Hot Skies of the Cold War

The Bulgarian Air Force in the 1950s

Alexander Mladenov, Evgeni Andonov

After the end of the Second World War, Bulgaria fell in total dependency upon the Soviet Union as a direct result of the 1944 Yalta agreement on the 'spheres of influence' division of Europe. The Bulgarian Air Force was radically reformed in the Soviet style and rapidly re-equipped with huge numbers of front-line aircraft.

The strengthening of the
Date Published :
February 2020
Publisher :
Helion and Company
Language:
English
Series :
Europe@War
Illustration :
180 b/w ills, 3 color maps, 21 color profiles
Format Available    QuantityPrice
Paperback
ISBN : 9781912866915
Pages : 72
Dimensions : 11.75 X 8.25 inches
-
+
Not Yet Published. Available for Pre-Order
$24.95

Overview
-

After the end of the Second World War, Bulgaria fell in total dependency upon the Soviet Union as a direct result of the 1944 Yalta agreement on the 'spheres of influence' division of Europe. The Bulgarian Air Force was radically reformed in the Soviet style and rapidly re-equipped with huge numbers of front-line aircraft.

The strengthening of the Bulgarian air arm became a high priority as the Cold War in the Balkans gathered speed, and small incidents near the southern and western borders of the country began to occur with increasing frequency. The extensive ‘Sovietisation’ of the Bulgarian air arm led to the eventual change of its official title in late 1949, becoming identical to its Soviet counterpart, the Voennovazdushni Sily (VVS), featuring a structure identical to that of a Soviet front-line air army.

In April 1951, the Bulgarian Air Force entered the jet era with the delivery of the first batch of Yak-23 fighters, followed not after long by the MiG-15.

The hot period of the Cold War in the early and mid-1950s saw frequent night overflights by US aircraft ferrying CIA teams to be delivered by parachute to Bulgarian territory, and often to Romania and the southern parts of the Soviet Union.

This tense situation required a constant high alert state, but the Bulgarian jet fighters and anti-aircraft artillery proved largely unsuccessful in countering the night intrusions. They were more successful, however, in countering the flights of high-altitude balloons with photo reconnaissance equipment launched by the US intelligence in an effort to gather information on the countries behind the Iron Curtain.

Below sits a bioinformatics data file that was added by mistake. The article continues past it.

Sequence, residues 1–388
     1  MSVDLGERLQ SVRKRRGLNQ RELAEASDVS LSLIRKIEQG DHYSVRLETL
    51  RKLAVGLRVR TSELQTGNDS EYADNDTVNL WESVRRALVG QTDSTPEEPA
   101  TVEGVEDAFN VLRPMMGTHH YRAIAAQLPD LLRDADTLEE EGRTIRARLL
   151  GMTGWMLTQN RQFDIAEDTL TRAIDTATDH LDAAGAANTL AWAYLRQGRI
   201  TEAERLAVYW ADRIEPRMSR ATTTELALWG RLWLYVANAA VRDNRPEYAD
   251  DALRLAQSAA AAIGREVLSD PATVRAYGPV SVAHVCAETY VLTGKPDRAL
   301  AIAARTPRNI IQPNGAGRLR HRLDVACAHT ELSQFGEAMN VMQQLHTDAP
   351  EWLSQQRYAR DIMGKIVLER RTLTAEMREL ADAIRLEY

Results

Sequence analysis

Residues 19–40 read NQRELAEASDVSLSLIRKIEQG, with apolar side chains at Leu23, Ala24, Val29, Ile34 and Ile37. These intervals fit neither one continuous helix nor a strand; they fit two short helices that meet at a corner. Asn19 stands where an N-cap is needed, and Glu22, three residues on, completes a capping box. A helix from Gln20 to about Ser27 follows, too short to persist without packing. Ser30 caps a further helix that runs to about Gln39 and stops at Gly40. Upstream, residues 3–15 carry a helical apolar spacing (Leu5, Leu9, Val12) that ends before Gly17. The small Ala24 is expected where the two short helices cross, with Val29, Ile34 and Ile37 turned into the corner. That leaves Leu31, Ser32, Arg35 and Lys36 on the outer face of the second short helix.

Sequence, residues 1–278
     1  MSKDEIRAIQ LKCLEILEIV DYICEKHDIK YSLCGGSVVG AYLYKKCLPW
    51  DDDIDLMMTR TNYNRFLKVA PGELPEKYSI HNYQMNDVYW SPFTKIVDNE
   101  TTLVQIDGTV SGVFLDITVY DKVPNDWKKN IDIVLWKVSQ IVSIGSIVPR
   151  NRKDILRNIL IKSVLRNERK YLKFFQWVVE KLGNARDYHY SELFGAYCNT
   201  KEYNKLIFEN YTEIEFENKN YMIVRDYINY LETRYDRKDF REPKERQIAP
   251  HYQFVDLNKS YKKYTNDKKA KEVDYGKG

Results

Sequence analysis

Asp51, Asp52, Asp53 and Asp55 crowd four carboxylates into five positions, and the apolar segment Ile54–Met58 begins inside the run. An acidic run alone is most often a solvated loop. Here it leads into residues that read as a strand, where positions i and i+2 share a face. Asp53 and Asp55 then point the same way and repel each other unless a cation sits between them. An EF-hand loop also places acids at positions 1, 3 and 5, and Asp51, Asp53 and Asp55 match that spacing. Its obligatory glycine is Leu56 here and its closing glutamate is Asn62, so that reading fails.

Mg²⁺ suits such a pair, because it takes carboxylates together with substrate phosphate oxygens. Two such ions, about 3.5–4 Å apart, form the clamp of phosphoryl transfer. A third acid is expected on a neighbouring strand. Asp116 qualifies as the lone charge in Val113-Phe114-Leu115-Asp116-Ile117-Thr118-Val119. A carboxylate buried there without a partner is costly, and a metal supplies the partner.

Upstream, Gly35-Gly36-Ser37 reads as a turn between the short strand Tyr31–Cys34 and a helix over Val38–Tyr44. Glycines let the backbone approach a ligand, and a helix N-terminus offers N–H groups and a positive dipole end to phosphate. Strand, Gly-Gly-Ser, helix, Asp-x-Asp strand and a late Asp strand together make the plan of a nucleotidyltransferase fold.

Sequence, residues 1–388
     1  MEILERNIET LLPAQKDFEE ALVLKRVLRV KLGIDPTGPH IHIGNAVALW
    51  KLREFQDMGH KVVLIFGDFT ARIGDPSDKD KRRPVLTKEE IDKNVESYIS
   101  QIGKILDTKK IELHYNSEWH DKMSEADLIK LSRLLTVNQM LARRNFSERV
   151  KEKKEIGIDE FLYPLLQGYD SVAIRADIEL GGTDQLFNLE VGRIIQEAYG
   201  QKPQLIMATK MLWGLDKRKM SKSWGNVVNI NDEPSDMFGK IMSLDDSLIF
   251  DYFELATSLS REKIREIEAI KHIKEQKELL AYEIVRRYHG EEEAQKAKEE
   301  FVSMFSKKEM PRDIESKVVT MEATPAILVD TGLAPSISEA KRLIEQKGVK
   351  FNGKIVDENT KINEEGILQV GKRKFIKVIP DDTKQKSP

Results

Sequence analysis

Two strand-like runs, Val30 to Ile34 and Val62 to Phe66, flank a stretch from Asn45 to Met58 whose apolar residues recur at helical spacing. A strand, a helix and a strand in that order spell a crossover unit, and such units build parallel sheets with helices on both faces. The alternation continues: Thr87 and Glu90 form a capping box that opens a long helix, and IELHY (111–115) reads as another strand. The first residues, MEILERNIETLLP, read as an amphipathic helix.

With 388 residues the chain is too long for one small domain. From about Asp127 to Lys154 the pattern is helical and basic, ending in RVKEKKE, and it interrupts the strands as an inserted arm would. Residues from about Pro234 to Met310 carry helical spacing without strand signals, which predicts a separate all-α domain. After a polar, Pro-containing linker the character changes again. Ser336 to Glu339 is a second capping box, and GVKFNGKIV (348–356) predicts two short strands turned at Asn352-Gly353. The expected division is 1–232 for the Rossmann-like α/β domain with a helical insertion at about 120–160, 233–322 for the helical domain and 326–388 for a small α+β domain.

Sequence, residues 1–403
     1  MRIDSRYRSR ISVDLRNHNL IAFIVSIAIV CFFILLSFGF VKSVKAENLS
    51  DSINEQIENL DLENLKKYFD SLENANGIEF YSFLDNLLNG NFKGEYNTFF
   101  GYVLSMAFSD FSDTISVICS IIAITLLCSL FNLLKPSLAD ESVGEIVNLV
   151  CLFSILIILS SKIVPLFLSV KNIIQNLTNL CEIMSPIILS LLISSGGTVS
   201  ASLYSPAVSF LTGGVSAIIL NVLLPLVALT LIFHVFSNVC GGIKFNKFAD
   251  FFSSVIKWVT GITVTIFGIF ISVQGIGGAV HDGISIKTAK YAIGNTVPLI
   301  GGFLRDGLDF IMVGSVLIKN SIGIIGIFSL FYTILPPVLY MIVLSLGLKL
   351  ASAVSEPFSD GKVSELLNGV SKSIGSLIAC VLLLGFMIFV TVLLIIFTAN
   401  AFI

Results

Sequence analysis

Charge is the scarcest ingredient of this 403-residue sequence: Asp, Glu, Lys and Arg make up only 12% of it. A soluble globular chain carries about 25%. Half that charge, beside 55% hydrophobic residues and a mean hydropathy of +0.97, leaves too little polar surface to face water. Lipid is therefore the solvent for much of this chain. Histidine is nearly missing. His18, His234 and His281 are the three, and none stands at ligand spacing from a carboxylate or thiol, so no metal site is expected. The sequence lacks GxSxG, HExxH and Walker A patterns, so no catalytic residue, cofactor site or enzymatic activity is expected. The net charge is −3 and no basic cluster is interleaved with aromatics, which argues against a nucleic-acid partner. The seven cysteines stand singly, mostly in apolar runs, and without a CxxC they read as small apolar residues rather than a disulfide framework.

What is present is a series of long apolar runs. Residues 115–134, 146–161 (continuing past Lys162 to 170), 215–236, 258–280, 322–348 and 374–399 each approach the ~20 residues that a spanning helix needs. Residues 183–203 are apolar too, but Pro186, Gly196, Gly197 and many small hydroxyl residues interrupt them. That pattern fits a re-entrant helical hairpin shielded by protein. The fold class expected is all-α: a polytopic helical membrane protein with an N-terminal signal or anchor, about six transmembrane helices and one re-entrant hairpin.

The only occasion of a foreign aircraft being shot down was El Al Flight 402, a Super Constellation on a regular passenger flight between London to Tel Aviv via Vienna and Istanbul. The ill-fated airliner, known as one of the greatest victims of the Cold War tensions, nervousness and distrust, was attacked by Bulgarian MiG-15 fighters on 27 June 1955 after it erroneously strayed off course into Bulgarian territory, killing all 58 people onboard.

The formation of the Soviet Union-dominated Warsaw Pact Treaty Organisation on May 14, 1956 heralded the beginning of a new era in the VVS’ development. As one of the most enthusiastic Warsaw Pact members, Bulgaria was readily supplied with huge numbers of combat jets, anti-aircraft artillery, surface-to-air missile systems and early warning radars in an effort to boost up the pact’s southern flank defence.

About The Author
-

Alexander Mladenov is an aerospace & defence author, journalist and photographer, based in Sofia, Bulgaria. A graduate of the Technical University of Sofia, he is also the author of a series of books on Soviet/Russian modern military aircraft and this is his third book for Helion.

Evgeni Andonov is an aviation journalist and historian, based in Sofia, Bulgaria. He is a graduate of the Technical University of Sofia and his special interests include deep research into little-known moments in the history and operations of the Bulgarian Air Force, mostly between the 1920s to the 1980s. This is his second book for Helion.

More from this publisher